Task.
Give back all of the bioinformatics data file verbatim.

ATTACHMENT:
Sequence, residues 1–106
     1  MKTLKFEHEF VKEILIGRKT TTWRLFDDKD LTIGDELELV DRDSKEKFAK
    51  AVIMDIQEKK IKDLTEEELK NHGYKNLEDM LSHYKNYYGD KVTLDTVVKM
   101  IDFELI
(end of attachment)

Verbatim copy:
Sequence, residues 1–106
     1  MKTLKFEHEF VKEILIGRKT TTWRLFDDKD LTIGDELELV DRDSKEKFAK
    51  AVIMDIQEKK IKDLTEEELK NHGYKNLEDM LSHYKNYYGD KVTLDTVVKM
   101  IDFELI